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Fungi and the Dinosaur Extinction: A New Article

This is a new one. . .basically, they're saying that dinosaurs were killed
by mushrooms. Ok, so that's a bit of an exaggeration. But they seem to have
overlooked new views on probable "endothermic" metabolism for many

Even if the role of fungi in dinosaur extinction isn't so likely, the idea
of fungal resistance as a major factor behind endothermy is an interesting

Arturo Casadevall. In Press, Corrected Proof Available Online 5 January
2005. Fungal virulence, vertebrate endothermy, and dinosaur extinction: is
there a connection? Fungal Genetics and Biology.

Fungi are relatively rare causes of life-threatening systemic disease in
immunologically intact mammals despite being frequent pathogens in insects,
amphibians, and plants. Given that virulence is a complex trait, the
capacity of certain soil fungi to infect, persist, and cause disease in
animals despite no apparent requirement for animal hosts in replication or
survival presents a paradox. In recent years studies with amoeba, slime
molds, and worms have led to the proposal that interactions between fungi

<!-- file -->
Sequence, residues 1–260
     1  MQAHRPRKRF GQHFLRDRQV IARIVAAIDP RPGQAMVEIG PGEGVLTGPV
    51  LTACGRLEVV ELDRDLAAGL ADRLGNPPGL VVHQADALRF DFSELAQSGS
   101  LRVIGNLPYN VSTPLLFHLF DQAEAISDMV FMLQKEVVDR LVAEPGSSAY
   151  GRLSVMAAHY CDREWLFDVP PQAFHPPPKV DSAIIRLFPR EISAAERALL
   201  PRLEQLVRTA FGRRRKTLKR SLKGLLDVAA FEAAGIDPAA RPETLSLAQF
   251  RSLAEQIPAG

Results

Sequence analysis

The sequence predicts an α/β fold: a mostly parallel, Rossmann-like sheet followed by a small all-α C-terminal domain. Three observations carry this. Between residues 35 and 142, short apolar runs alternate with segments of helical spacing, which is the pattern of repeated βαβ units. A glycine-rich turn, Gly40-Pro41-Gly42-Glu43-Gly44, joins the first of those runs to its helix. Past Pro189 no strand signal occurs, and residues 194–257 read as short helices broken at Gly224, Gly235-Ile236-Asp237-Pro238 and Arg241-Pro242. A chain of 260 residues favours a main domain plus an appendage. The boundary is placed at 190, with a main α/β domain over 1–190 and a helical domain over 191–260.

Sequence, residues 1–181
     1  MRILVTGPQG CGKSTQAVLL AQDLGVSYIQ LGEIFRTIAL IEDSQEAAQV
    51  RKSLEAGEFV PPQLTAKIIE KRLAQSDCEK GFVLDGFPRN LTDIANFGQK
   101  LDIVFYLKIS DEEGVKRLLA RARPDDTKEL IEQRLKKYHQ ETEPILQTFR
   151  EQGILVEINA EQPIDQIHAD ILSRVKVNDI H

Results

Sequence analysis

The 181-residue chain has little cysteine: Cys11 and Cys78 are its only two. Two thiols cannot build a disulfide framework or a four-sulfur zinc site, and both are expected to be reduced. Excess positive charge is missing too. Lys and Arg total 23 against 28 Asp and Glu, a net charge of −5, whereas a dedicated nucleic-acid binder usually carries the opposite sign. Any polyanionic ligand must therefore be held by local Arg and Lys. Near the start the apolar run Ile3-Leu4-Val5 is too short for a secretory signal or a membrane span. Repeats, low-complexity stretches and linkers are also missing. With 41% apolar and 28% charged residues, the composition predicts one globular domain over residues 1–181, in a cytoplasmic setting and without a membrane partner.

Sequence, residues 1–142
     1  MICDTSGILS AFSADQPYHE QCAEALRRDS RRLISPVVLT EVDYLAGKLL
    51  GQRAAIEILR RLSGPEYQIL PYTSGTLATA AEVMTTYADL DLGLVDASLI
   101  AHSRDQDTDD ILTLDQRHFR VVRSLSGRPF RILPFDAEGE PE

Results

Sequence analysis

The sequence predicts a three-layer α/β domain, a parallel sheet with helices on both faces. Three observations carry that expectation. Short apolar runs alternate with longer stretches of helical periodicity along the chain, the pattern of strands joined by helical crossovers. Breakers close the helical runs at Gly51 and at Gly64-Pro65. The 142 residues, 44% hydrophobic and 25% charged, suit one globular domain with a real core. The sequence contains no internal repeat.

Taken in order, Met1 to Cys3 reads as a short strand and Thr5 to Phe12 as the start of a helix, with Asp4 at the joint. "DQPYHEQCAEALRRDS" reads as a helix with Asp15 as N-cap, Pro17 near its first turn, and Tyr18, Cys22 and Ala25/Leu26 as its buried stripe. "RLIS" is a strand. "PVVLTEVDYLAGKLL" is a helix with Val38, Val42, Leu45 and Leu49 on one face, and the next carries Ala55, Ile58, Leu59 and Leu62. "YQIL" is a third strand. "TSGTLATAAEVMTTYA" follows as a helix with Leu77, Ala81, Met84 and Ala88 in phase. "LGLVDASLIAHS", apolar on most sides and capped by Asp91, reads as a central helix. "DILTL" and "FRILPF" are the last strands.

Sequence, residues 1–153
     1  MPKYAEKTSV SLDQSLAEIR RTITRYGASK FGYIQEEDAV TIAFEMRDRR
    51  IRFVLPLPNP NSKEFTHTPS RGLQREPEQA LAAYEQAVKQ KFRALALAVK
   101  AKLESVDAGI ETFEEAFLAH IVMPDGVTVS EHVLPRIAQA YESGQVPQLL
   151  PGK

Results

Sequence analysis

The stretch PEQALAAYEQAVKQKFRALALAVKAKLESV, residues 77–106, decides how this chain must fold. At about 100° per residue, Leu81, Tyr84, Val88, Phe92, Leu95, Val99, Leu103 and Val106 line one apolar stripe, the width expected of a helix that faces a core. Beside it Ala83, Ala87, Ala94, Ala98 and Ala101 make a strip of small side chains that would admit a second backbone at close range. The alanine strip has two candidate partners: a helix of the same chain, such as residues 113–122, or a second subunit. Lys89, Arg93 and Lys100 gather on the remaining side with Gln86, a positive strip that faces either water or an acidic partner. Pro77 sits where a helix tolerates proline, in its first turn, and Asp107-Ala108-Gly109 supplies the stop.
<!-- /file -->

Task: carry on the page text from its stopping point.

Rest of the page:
and other environmental microbes, including predators, select for
characteristics that are also suitable for survival in animal hosts. Given
that most fungal species grow best at ambient temperatures, the high body
temperature of endothermic animals must provide a thermal barrier for
protection against infection with a large number of fungi. Fungal disease is
relatively common in birds but most are caused by only a few thermotolerant
species. The relative resistance of endothermic vertebrates to fungal
diseases is likely a result of higher body temperatures combined with immune
defenses. Protection against fungal diseases could have been a powerful
selective mechanism for endothermy in certain vertebrates. Deforestation and
proliferation of fungal spores at cretaceous-tertiary boundary suggests that
fungal diseases could have contributed to the demise of dinosaurs and the
flourishing of mammalian species. 

Keywords: Fungi; Pathogenic; Endothermy; Ectothermy; Dinosaur; Amoebae